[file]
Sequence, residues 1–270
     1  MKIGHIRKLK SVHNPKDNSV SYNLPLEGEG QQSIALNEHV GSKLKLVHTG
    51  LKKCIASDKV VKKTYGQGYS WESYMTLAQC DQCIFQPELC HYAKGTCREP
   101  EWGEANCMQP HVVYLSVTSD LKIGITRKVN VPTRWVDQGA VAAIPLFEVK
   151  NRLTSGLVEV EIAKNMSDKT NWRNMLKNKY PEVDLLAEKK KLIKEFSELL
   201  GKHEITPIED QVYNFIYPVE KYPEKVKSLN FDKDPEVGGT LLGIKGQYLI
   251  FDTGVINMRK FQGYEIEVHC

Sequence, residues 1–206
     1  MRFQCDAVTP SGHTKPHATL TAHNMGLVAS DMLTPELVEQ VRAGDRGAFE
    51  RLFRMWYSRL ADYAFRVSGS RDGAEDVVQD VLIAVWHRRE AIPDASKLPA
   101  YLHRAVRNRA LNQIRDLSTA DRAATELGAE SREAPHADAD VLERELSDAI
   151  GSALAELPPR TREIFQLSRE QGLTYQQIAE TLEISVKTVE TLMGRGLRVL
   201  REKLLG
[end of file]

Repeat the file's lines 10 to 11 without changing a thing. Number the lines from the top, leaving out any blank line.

    51  RLFRMWYSRL ADYAFRVSGS RDGAEDVVQD VLIAVWHRRE AIPDASKLPA
   101  YLHRAVRNRA LNQIRDLSTA DRAATELGAE SREAPHADAD VLERELSDAI